Thursday, September 24, 2009

From the Poetry & Popular Culture Mailbag: Gumball Poetry

This week, Rachel Dacus writes in from the Bay Area, giving Poetry & Popular Culture a little bit of history to, uh, chew on for a while: poetry gumball machines once distributed across eight states by the innovative Portland-based publishing operation Gumball Poetry.

For a while, somewhere between 2004 and 2006, it seems, you could get your hands on a poetry gumball machine stuffed with the work of ten or so poets for as little as $300 each (plus extra for the stand).
Here, Dacus takes a moment to reflect on what was—and what could have been.

Dear Poetry & Popular Culture,

Poetry in unlikely places is one of my favorite things (which makes P&PC one of my favorite blogs, of course), and I'm writing to share an example. On my bookshelf sits a row of plastic capsules that were part of a really original poetry-publishing experiment—the poetry gumball. Instead of finding a Bazooka Joe bubble gum comic inside each capsule, you get chewable gum and a short poem. A real poem.

But Bazooka didn't launch or even adopt this project. I mean, pick the two most incompatible cultural artifacts you can think of, and poetry and chewing gum might be there at the top of the list. But Gumball Poetry didn't see it that way, and neither did I. When I first heard of the gumball poetry-delivery mechanism, I thought, I just have to have my poem combined with my favorite childhood chew-toy: my very own Bazooka Joe Brodsky.

That was the grand plan, at least, and I could hardly stand the excitement. But then I discovered that the culturally chic Bay Area didn't boast a single Gumball Poetry machine. To buy poems and gum, I'd have to take my fifty cents—my two quartets?—all the way to Portland where Gumball poetry was making its grand offer: "Would you like a Gumball Poetry Machine in your cafe, bar, dance hall, office, hospital, library, school, bathroom, art gallery, clothing store, car, community center, life, church?" The one that really intrigued me was the church—it really rang my bell. All the quarters go into the coffers. The pearly whites meet the pearly gates. Saint Peter meets David St. John.

But, alas, Gumball Poetry is no more. The website remains open—now an artifact of a really cool cultural concept—and if you go there you find this note: "This is all just here for historical purposes. In case any of our memories go. Gumball Poetry is on hiatus (likely permanent). We miss you too. It was the best fun we ever had."

Looks like even popular poetry's bubble can burst.


Rachel Dacus

Rachel Dacus' poetry books are Another Circle of Delight, Femme au chapeau, and Earth Lessons. She blogs at Rocket Kids.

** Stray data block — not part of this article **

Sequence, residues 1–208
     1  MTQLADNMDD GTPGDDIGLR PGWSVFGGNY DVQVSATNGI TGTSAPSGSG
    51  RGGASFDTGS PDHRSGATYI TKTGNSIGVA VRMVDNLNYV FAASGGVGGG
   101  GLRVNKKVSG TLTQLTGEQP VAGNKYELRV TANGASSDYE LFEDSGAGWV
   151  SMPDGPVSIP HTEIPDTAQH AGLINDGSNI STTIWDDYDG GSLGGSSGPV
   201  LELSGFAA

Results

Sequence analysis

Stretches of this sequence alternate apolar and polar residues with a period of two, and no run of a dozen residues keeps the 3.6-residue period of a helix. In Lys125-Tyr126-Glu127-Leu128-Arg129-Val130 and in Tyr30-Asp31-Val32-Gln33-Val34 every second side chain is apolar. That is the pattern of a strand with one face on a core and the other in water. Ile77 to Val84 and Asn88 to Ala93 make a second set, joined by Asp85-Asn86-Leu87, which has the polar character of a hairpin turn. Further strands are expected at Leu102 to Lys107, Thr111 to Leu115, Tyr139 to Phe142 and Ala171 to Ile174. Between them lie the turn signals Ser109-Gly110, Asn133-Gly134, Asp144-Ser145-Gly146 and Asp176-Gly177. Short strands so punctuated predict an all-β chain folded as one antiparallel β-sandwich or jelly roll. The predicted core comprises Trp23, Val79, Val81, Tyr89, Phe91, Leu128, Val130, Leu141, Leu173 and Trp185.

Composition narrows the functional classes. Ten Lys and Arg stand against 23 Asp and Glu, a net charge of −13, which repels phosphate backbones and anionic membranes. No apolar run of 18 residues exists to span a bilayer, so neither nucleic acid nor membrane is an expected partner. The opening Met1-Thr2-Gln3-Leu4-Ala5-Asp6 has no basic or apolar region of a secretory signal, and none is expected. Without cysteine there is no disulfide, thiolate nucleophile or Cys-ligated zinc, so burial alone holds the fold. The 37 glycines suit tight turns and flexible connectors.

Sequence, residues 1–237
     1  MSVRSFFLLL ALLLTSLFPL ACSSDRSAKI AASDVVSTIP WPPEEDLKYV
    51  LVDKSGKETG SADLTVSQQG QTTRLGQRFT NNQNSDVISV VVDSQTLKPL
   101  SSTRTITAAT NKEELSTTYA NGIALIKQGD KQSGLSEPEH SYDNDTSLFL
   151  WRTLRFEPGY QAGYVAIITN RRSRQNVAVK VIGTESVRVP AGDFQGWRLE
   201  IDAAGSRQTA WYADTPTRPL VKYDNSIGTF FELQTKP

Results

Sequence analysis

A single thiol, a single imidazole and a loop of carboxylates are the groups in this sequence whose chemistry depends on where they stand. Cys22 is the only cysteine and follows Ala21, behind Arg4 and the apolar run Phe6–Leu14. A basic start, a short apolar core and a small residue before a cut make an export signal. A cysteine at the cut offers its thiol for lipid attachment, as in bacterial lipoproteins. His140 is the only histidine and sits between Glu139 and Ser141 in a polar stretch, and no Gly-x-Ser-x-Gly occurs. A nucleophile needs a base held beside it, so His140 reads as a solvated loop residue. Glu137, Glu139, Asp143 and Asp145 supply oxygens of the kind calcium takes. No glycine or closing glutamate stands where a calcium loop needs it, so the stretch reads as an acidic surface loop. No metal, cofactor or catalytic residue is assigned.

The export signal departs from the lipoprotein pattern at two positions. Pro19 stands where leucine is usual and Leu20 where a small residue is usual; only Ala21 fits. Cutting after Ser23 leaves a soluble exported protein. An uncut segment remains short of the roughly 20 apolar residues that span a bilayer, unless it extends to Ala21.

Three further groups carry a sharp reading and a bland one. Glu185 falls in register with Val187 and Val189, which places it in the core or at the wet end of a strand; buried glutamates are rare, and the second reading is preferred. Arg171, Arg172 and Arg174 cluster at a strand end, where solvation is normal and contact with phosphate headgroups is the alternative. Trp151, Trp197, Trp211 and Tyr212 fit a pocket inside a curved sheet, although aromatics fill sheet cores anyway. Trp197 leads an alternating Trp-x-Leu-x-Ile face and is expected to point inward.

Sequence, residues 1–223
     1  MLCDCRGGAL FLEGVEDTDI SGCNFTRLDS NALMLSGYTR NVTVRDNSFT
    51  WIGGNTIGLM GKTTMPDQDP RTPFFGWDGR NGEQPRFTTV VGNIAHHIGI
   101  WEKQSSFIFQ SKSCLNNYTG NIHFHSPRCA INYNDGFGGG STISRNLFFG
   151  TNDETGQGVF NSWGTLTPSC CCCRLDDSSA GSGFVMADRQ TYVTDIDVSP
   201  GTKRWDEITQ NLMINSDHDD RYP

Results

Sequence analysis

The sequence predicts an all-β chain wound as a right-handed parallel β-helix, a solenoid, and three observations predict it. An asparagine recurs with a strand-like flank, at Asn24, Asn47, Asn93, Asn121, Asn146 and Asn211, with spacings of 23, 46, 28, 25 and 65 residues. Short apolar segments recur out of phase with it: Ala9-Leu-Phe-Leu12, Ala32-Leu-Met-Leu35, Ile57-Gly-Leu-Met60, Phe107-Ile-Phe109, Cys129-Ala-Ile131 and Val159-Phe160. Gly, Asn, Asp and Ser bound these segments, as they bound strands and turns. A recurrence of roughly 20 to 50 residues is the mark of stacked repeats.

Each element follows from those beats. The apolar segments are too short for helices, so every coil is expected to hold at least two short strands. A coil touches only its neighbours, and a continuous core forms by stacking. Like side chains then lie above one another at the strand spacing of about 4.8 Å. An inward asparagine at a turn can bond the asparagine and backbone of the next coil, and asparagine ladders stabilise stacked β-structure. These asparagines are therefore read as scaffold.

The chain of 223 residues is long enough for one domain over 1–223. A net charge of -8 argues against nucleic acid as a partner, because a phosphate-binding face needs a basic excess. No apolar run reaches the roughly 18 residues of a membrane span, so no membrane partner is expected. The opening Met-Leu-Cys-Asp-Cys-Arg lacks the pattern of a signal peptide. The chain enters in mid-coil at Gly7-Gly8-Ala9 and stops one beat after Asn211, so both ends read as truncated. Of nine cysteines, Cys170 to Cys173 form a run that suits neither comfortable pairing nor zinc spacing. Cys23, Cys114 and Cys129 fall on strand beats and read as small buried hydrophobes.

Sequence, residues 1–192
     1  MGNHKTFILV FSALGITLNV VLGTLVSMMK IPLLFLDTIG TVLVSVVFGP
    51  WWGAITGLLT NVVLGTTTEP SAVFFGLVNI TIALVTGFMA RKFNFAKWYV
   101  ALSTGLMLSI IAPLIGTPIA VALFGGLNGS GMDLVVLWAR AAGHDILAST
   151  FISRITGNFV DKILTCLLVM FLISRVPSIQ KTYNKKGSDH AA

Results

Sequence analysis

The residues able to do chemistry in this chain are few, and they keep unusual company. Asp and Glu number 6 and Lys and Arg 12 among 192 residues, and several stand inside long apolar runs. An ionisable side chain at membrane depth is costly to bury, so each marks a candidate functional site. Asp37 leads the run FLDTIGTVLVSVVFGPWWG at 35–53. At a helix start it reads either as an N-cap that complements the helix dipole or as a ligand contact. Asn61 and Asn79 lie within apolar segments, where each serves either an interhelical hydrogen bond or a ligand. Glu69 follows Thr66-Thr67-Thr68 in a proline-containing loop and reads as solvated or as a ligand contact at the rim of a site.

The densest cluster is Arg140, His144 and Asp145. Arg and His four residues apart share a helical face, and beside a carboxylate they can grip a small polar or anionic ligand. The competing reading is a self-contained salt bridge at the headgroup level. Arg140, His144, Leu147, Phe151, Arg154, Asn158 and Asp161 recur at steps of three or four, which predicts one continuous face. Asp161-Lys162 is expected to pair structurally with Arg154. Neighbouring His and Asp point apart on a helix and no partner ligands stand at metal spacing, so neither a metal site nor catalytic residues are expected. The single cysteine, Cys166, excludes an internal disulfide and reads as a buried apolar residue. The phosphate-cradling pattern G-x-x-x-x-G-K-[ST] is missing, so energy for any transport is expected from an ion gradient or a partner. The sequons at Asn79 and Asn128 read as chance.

Anonymous said...

This is one of the coolest ideas I've ever heard. Maybe we can get it started in fortune cookies, instead? :P

I really love the stories this blog is telling. I've already linked to you once, but I'm sure it will happen many times in the future.

denny hoffman said...

Have to agree with Keith - this is definitiely the COOLEST idea around. My thank to both Rachel for writing this and Mike for presenting it to us.


denny d;-)

Tom C. Hunley said...

They published one of my poems in their Heavy Metal Issue in 2000. The editors wrote to me to say that someone purchased a gumball machine for their wedding containing 200 copies of my poem. Pretty cool. Sorry to hear that they're defunct.

Jessie Carty said...

i'd stumbled across this idea when working on a book review for the developer of the idea. his book COUCH is fantastic!

i love the idea of poems in fortune cookies though :)

pork fried rice and a side of haiku

Ben Parzybok said...

And it was a really excellent poem, Tom, a pleasure to publish.

Sadly, something seems to have happened to our last 5 issues or so. They're strangely blank. I'll look into it.

I remember Carlos Reyes said once about Gumball Poetry, to our dismay, "These things last as long as the founders have energy and then they seem to die." We thought: What? This is going to last forever!

There are a few posts on Gumball Poetry here:

Including where a few of the machines went. Also there's a mention of Callithump!, which is doing great things too.

(and thanks Jessie!)

Salem's NoMaSoFa Neighborhood said...

Since posting Rachel's letter last week, I've heard from people who have seen poems distributed via used cigarette machines (Vermont) and vending machines (Iowa). Looks to me like Gumball Poetry is due for a comeback!

Ben Parzybok said...

I believe Artomat was the first: A very cool project.

Gumball Poetry started in 1999 and ran until 2006.

Sandra said...

I was very proud to publish a poem with Gumball Poetry back in the day...and I still have a few plastic "bubbles" neatly archived with my other contributor issues. Thanks for the flashback!

Radish King said...

I had a poem published in Gumball Poetry then drove to Portland and purchased a machine and gave it to Richard Hugo House. Once Gumball Poetry went under (to my sorrow), I retrieved the machine and donated it to Jared Leising's poetry class at Cascadia Community College where, as far as I know, it remains. The only thing I asked of Jared was that he used the gumball proceeds to support small presses and donate the books to the college. I don't know what the class is doing with it these days but I'm sure they're stuffing it with poems on a regular basis.

Rebecca Loudon

Radish King said...

I've also had poems on buses and on coffee cans (Story House Coffee.) I agree with Rachel, poetry in surprising places is a great joy.